As hard as it was to watch my vaunted Green Bay Packers crumple like a paper mache’ balloon last night, one could not help but recognize that a major shift in how the storied game of football is going to be played was on display. Colin Kaepernick schooled a proud defense on what a new age quarterback is capable of. Kaepernick was the central force in a 45-31 rout of the Packers by the San Francisco 49’ers, passing for 263 yards and two touchdowns and running for an astonishing 181 yards and two touchdowns.
The Packers were supposed to be the team with the quintessential quarterback type in Aaron Rodgers. The NFL has changed the rules of the game to create a quarterback league, in which a bright, strong armed quarterback is allowed to dissect the defense like a surgeon, with his body and the passing lanes he is throwing to protected to rev up the scoring game for the fans. For twenty years, the Marinos, Favres, Bradys, Mannings, Brees and Rodgers prototypes have been what every team has prayed to be lucky enough to find. To protect this commodity, the NFL assured that their survival would be paramount, and assured the quarterback would be as immune as possible to hits around the knees, the head, and from any over exuberant force. This has resulted in high scores and extended lives to quarterbacks. Brett Favre was the epitome of this, playing at a high level for twenty years and setting the record for the most consecutive games played by any position player at over 290 straight games. Rodgers has been the heir to Favre’s throne, durable, smarter, more mobile, and every bit as strong armed. Last night, however, his prototype was yesterday’s news.
Colin Kaepernick performed the position of quarterback in a way that will convert the league to a new way of thinking. Smart enough not to panic with his initial mistake throwing an early interception for a touchdown, Kaepernick made quality safe throws, and punished the Packer’s with a devastating display of quickness and running dexterity. The original mold breaker was Michael Vick, with his 4.4 speed and runner first mentality, but the game will be permanently changed by a Kaepernick that can throw as well as he can run.
In the 1960s and 1970s, the golden age of the NFL was dominated by running backs like Jim Brown, Jim Taylor, OJ Simpson, Franco Harris, and Walter Payton. The sorry truth of the glamour of the running back was that the position battered the physical and mental health of these players. Given the exceptional monetary investment in star players, teams have figured out that the beating these players take wore them out by age 30, and has made an “experienced” running back a worthless addition to the team. The modern running back is around at most five to eight years, before they are replaced with younger legs, and clearer minds. The glamorous running back has been replaced by the glamorous quarterback, protected by the rules and capable of making the team’s extended financial investment a more secure bet.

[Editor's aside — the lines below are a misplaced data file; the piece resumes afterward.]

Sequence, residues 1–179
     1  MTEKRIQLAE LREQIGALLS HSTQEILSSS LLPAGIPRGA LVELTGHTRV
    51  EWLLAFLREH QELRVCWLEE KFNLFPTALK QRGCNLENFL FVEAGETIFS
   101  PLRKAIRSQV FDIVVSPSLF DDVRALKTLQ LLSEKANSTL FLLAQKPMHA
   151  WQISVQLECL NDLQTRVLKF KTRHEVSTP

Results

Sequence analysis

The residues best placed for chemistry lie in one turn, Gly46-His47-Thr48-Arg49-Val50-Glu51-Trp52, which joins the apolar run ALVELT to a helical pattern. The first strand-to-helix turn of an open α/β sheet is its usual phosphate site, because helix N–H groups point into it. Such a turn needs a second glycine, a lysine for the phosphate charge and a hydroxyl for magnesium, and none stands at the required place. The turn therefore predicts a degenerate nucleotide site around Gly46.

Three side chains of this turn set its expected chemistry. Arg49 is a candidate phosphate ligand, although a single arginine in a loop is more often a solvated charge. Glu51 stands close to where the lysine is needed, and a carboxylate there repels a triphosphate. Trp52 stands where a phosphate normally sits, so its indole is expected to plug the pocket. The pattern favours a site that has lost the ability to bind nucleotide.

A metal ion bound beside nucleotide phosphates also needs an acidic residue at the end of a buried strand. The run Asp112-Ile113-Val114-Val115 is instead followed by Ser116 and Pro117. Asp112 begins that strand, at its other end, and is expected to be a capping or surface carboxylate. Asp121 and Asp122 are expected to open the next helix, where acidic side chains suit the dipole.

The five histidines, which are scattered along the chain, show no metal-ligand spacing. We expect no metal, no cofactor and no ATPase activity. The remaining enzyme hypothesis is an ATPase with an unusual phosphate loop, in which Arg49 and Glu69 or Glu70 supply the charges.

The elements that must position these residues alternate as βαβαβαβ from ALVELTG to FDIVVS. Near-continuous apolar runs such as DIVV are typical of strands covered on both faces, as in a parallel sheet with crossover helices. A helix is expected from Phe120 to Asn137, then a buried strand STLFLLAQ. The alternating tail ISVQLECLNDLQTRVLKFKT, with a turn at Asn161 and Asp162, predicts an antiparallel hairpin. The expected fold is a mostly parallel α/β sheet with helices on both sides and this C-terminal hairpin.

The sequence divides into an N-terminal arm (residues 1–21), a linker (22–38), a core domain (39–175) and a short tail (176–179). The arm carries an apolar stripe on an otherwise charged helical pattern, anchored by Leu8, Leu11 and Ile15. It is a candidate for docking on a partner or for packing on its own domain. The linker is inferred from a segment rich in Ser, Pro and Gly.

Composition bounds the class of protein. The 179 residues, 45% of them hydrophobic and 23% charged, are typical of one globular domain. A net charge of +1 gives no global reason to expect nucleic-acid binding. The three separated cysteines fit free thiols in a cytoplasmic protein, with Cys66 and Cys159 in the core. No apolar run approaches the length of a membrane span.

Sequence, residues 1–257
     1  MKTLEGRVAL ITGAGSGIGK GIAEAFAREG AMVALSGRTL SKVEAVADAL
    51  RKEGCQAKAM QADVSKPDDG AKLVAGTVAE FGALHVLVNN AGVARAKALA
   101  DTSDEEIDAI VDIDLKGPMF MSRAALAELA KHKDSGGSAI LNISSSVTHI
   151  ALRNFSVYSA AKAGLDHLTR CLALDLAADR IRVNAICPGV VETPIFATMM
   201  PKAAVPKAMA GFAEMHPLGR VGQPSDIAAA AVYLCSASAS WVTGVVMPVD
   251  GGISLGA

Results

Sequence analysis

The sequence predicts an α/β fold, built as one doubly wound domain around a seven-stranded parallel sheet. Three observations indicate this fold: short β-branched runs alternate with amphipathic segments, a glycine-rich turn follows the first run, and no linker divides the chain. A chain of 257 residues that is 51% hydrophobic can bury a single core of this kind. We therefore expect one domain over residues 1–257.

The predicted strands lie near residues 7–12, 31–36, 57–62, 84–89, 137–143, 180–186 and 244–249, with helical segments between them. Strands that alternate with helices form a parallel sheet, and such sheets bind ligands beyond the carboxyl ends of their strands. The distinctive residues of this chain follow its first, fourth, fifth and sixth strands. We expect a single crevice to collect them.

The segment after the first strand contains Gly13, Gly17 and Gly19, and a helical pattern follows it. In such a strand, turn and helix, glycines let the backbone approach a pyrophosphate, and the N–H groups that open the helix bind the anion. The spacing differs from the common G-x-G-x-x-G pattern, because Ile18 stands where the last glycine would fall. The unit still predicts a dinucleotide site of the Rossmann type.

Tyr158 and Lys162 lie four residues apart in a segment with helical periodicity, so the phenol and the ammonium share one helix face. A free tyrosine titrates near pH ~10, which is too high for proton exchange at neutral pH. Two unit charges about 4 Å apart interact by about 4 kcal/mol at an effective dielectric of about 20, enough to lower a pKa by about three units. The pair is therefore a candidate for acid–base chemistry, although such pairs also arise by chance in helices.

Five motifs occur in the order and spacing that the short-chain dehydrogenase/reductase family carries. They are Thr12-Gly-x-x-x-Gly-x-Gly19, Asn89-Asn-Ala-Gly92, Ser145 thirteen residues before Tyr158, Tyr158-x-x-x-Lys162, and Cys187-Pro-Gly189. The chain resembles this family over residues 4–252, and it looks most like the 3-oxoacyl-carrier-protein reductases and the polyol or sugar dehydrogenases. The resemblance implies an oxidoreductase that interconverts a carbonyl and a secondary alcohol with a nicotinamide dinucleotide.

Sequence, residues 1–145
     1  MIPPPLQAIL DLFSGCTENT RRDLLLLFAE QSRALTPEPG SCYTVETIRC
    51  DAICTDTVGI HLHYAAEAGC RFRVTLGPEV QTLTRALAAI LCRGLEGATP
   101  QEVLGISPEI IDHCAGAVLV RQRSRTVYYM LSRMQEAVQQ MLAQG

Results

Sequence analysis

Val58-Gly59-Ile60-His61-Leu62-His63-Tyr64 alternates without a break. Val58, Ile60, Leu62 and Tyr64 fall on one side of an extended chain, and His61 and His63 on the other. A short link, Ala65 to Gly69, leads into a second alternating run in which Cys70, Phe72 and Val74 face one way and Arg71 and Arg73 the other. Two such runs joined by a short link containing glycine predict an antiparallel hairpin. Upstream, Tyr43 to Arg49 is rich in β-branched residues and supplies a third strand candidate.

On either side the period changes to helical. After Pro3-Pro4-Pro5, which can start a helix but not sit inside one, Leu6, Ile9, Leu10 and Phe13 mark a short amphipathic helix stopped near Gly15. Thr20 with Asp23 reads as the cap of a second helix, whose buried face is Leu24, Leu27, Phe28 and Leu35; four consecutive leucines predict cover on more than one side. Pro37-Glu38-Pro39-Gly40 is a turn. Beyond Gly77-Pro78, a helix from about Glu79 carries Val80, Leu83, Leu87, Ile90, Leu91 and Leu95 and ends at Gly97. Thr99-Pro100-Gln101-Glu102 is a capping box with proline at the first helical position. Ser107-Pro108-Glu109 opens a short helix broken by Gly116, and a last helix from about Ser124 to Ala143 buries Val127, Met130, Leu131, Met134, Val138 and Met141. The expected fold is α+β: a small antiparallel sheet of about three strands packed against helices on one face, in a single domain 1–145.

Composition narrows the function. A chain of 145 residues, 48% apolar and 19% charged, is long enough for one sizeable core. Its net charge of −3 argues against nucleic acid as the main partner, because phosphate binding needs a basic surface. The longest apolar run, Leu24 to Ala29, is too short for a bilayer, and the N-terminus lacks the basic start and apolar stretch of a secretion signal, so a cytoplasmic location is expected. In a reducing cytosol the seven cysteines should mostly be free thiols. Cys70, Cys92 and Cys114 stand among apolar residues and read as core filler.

Now, with Kaepernick and Robert Griffin III we see the new model, the running quarterback that can throw. The combination can be a devastating offensive tool, but the reality is that the rules to protect quarterbacks were based on the consideration that they would be primarily pocket passers and would attempt to run only rarely, sliding to a safe landing, with no hit of significance allowed. What is to now become of the defense’s willingness to “pull back” now that the quarterback is willing to project down the field with his legs? I think we already have the answer in RG III, who didn’t get through his first year without a devastating injury. As beautiful as it was to watch Kaepernick, it is almost a certainty, that he will face a hit that will eliminate his “elusiveness”. It happened to Vick. It happened to RG III. And it will happen to Kaepernick.
When the quarterbacks of the future determine to leave the cocoon of the passing pocket routinely, defenses are not going to take it without responding. As spectacular as the new age quarterback is to watch take over a game, I’m afraid his moment of glory as a game changer in the NFL is going to be short lived. We will see if teams are going to be willing to invest in the quarterback position, when quarterbacks have the playing life that turns out to be as short as the glamorous running backs they replaced in the klieg lights of NFL stardom. To Colin Kaepernick, I salute you. It was a beautiful performance of athleticism. Unfortunately, I’m afraid the moment of glory is going to be brief, and the end, eventually, hard to watch.